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Sensory Circuits

Sensory Circuits uses sensory-based movement activities that help children and young people to achieve the ‘just right’ level of alertness they need to prepare themelves for the day’s learning. The circuits are based on the theory and principles of Sensory Integration.

The below information is to help schools and parents with setting up Sensory Circuits.

Sensory Circuits use sensory-based movement activities which prepare children and young people for the day’s learning and help them to achieve the ‘just right’ level of alertness they need to concentrate.

They are made up of around 15-20 minutes of activities to help with sensory regulation.

The aim of setting up a sensory circuit is to provide a way for children and young people to regularly receive a controlled sensory input. They can be done with a small group of children at the start of the school day or after lunch break.

You can also adapt the sensory circuit at home depending your space and the equipment you have.

A Sensory Circuit includes three sections: Alerting, Organising and Calming. The idea is to start with Alerting activities then move to the Organising section and finally to the Calming section. It’s important to do the activities in this order to have a positive effect. The activities should be done regularly to help prepare children for the day’s learning and achieve optimum level of alertness.

Key points to consider:

  • Children and young people must be supervised when completing the circuit. It is important to consider that each child’s tolerance is different they should be able to work at their own pace.
  • Ideally, a child or young person should spend up to five minutes per station, on different activities. Some children may need more time in the alerting or calming section to help them to be more organised and prepared for the day’s learning or activities.
  • Use a visual strip/task strip if this will help the them to go through the activities in a structured way.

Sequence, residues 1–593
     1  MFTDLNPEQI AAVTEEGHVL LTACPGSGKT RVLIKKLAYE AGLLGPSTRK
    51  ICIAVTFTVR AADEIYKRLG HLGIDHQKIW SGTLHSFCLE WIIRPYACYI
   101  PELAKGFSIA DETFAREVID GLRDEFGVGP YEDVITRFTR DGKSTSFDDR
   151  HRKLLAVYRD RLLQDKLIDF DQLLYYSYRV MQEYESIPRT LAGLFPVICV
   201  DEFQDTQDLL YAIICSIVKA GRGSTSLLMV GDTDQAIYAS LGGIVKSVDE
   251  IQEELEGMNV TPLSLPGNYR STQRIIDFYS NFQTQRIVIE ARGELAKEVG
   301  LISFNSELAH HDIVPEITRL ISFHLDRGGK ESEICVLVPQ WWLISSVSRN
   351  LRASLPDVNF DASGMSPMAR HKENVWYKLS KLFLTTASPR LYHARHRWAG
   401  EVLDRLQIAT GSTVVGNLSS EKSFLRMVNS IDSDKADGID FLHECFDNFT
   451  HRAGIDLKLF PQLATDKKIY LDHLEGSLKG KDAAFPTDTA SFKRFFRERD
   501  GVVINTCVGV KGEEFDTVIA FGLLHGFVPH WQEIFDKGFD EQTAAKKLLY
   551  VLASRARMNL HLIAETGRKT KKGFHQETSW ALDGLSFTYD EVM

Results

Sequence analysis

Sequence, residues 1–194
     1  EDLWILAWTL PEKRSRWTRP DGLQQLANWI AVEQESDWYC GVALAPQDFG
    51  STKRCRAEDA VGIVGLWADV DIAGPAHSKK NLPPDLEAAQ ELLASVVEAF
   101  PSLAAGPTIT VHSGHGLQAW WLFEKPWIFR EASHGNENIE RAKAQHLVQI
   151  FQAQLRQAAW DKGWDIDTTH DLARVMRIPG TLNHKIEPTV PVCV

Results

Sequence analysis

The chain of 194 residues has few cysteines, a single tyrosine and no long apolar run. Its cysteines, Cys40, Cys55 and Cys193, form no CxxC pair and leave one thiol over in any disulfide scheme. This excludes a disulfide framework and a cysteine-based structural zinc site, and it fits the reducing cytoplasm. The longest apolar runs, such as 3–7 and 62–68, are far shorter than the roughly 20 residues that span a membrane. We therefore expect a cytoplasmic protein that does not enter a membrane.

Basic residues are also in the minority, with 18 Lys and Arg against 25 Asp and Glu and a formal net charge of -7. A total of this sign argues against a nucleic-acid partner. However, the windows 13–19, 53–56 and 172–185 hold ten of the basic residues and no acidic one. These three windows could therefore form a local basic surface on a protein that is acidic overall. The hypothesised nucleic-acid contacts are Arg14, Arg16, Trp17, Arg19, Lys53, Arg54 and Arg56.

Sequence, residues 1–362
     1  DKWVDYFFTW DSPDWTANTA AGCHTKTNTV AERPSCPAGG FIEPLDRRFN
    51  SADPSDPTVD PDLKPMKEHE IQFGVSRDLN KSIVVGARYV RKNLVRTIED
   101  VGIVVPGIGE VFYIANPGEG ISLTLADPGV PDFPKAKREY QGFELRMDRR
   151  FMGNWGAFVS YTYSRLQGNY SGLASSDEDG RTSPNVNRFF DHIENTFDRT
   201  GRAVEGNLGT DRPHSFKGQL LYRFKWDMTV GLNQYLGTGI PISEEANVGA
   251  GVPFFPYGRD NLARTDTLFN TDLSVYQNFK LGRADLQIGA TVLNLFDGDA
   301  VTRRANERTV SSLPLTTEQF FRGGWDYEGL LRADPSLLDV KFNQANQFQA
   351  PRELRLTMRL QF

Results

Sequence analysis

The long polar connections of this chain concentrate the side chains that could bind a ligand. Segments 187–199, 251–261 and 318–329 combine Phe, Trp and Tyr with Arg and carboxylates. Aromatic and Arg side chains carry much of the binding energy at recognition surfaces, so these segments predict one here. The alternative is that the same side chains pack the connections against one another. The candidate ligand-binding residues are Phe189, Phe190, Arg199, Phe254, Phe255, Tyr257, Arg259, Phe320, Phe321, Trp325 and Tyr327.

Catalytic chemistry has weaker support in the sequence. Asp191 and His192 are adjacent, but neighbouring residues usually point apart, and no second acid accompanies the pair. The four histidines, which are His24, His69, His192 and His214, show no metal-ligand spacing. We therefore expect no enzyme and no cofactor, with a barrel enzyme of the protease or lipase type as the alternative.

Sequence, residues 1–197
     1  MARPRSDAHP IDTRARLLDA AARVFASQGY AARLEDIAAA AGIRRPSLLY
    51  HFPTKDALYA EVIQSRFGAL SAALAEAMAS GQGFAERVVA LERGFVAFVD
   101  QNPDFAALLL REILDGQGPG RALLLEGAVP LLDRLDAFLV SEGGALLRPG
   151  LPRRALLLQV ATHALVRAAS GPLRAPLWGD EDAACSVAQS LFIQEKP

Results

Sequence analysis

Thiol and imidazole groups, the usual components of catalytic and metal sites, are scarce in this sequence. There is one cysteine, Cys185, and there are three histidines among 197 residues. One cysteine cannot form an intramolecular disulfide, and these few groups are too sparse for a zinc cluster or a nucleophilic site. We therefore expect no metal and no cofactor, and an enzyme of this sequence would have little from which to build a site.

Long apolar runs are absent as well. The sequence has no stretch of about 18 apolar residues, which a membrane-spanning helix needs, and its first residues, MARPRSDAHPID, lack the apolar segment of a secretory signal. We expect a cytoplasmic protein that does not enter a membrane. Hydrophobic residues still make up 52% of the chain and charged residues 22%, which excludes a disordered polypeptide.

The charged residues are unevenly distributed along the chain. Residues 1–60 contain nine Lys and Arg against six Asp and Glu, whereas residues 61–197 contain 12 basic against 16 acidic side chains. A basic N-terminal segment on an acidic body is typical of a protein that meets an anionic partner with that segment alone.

Alerting section

The aim here is to provide both vestibular (movement and balance) and proprioceptive (awareness of body in space) stimulation as these can help the child to become more alert.

  • Jumping on a trampette
  • Sitting and bouncing on a gym ball
  • Star jumps
  • Marching
  • Step-ups
  • Skipping
  • Lying over a gym ball on their tummy, roll forwards and weight bear through the arms

Organising section

This includes activities that provide a motor challenge and requires the child or young person to plan, organise and/or sequence their movement.

  • Catching a ball or beanbag
  • Throwing a ball or beanbag to a target
  • Balancing on wobble boards or walking along a gym bench
  • Crawling through a tunnel
  • Jumping through hoops (3-5 hoops)
  • Log rolling - with hands clasped and arms stretched out above the head
  • Crawling through a tunnel
  • Animal walks eg crab walk, bunny hops

Calming section

The activities suggested below provide proprioceptive (deep pressure) input and heavy muscle work which can have a calming and organising effect.

  • Have an adult apply deep pressure through child’s shoulders using the palms of their hands (keeping fingers together). Maintain the pressure for up to 10 seconds, repeat 3 to 5 times
  • Chair or wall push-ups
  • Child lies on their tummy over a gym ball and rolls over gently, backwards and forwards
  • Child lies down on their tummy and an adult rolls a gym ball on their back using firm, consistent pressure
  • For older children, stretch a theraband or resistance bands in front of their body or above their head. Repeat 5-10 times